Gift #1183: Of Crypts and Cocktails

Hello everyone!  I’m back today with a wee bit more of St. Paul’s Cathedral.  There was so much from our time there that I wanted to share with you that I decided to break it up into two posts.  And since tonight I watched a documentary about St. Paul’s I’m feeling particularly inspired to blog about it.  Last post focused on the main floor and the dome, but today we’re headed down to the crypt!  The subterranean level houses a chapel and hundreds of monuments to important British subjects, as well as the cafe, where we had a tasty lunch and tea surrounded by marble statuary.


Of notable importance is the resting place of Christopher Wren, the brilliant architect who designed St. Paul’s.  He is buried under a slab of plain black marble right underneath this plaque on the wall.  The Latin inscription reads “If you seek his monument, look around you.”  Mom and I admire him greatly and a visit to him was tops on our list.  I was also adamant about finding the burial place of J.M.W. Turner, who is one of my favorite painters.  You will be seeing some of his work in upcoming blog posts on the National Gallery.


Here is the lovely chapel area in the crypt.  While we were on the tour, we had to visit the crypt right away because there was a wedding about to start down there and the tour guide wanted us to see the highlights.  Later in the day Mom and I went back to explore at our leisure.


Also buried here are poet William Blake, author John Donne, painter Benjamin West, portraitist Joshua Reynolds, scientist Alexander Flemming,naval hero Admiral Lord Nelson, and nurse Florence Nightingale – all of whom have touched my life in some way and it was a very humbling experience to stand surrounded by these great figures from history.  And there were many more whose stories I didn’t know.


This monument to Prime Minister Melbourne was particularly beautiful.  Two Scriptures are inscribed on the bottom panels – “Until the day break and the shadows flee away” and “They that dwell under His shadow shall return.”

At 5pm every day St. Paul’s has Evensong, to which the general public is invited.  Mom and I decided to stay until the cathedral closed for tourists and then attend the service.  I’m so glad that we did because it was a beautiful experience to worship in this glorious cathedral where Evensong has been sung for hundreds of years.  It is a precious memory that I will carry always that for a few moments we ceased to be tourists and were simply worshipers of God with the residents of London.


And just when I thought the cathedral could never be more beautiful, we ended Evensong, with the choir’s last chord echoing in the air, and we turned around to see the sun’s afternoon rays streaming through the windows.  It was like heaven came down and merged with the cathedral.   The picture can’t do it justice, but you can see that the sun’s light hits on the cross sculpture leaning out of the column and it was breathtaking.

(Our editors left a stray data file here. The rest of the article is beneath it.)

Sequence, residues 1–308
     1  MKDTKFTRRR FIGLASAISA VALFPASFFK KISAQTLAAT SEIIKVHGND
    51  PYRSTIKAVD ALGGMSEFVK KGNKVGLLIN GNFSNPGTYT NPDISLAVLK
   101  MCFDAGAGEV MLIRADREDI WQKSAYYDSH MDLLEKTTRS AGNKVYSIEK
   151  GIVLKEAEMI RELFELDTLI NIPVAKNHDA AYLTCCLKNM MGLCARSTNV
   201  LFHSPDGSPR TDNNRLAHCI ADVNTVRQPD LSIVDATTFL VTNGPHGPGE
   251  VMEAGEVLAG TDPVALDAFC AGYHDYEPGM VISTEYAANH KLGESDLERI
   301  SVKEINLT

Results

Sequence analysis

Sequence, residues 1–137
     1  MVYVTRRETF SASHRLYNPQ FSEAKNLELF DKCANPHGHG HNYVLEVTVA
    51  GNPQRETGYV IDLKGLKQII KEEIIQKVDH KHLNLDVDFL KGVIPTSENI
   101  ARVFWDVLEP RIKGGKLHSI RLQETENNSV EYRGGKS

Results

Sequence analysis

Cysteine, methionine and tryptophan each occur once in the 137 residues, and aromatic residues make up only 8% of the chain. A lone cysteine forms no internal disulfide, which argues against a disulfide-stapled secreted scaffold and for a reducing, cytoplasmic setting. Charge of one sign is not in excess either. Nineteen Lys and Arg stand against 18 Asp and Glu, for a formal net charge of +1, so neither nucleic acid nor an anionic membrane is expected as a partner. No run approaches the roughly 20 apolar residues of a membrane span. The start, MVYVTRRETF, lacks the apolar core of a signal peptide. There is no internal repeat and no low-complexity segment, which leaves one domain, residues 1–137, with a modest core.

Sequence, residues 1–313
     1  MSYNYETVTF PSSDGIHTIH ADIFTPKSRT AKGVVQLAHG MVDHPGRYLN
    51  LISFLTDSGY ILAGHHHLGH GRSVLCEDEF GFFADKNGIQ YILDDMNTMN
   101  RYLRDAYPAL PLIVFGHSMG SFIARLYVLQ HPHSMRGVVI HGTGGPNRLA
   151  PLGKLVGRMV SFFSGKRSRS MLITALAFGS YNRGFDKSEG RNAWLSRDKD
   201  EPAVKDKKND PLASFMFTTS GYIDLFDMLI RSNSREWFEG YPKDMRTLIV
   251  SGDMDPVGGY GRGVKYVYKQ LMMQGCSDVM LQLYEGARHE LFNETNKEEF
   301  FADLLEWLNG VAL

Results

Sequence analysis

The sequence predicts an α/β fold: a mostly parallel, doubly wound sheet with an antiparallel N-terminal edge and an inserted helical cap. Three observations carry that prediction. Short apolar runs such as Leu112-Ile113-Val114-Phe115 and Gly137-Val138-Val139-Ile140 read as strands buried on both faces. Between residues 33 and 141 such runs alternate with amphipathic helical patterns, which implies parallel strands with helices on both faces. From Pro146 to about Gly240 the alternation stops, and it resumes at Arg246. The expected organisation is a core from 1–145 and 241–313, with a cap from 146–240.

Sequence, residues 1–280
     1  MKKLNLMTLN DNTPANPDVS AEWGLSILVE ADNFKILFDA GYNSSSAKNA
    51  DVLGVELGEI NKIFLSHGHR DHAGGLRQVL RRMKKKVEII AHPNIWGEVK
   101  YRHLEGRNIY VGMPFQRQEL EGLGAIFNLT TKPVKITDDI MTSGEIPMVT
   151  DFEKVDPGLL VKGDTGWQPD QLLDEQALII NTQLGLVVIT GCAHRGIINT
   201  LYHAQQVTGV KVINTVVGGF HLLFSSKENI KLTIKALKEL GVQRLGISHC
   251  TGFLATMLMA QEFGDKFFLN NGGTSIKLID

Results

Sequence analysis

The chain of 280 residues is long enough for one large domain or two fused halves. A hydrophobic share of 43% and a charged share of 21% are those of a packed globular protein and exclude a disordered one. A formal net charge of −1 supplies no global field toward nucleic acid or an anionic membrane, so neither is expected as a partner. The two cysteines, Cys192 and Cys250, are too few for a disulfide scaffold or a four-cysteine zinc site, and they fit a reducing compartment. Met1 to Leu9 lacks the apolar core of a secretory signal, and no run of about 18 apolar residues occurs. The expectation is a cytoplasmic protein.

Mom and I were very reluctant to leave the cathedral, but we still had one more spot to visit here – and that was the cathedral steps.  We sat here, watching the people and the pigeons strolling about, and we knitted together in the afternoon sun.   I sang to myself the words to “Feed the Birds” and thought about the Bird Woman feeding the birds on the steps of St. Paul’s in Mary Poppins.

It was a lovely way to end our wonderful day here.


Then we were off to acquire dinner.  We were close by a pub that I had found on Instagram several months before and it was high on the list of places I wanted to see in London.


This is Mr. Fogg’s House of Botanicals.  There are several locations, all themed around the fictional hero Finneas Fogg and his travels around the world.  This one is inspired by the imaginative explorations that Fogg might have made in building a botanical collection, as many British aristocrats did in the 1800s.



The decor is amazing and the menu and drinks are inspired by botanical themes as well.


I dearly wanted to sneak a menu home – isn’t it beautiful?  Mom and I don’t drink alcohol, but they had a nice selection of mocktails for us to indulge in with our food.


The one on the left is grapefruit and rose syrup with soda water.  The one on the right is “Gardens of Babylon”, a libation of Seedlip Garden 108 with cucumber, broccoli, spinach, pineapple, apple, basil, raspberry, and fresh lemon juice.  Both were exquisitely delicious.  After seeing so many beautiful pictures on their Instagram account, it was very exciting to be able to visit in person and enjoy drinks, food, and a coveted table (it was Saturday night) while taking in the awesome botanical/steampunk decor.

On our way back to the Tube station, we passed by this enticing window.


We walked in to discover a bakery and tea shoppe!!


Armed with tea and croissants, we headed back to the hotel room to enjoy our treats and relish the beautiful memories we had made and all we had experienced in the heart of London.

Blessings to you,


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1 Response to Gift #1183: Of Crypts and Cocktails

  1. Sarah Sieradzki says:

    It’s been so lovely to explore Britain vicariously with you. Your photos and descriptions are always so inspiring and educational. I simply love your posts!

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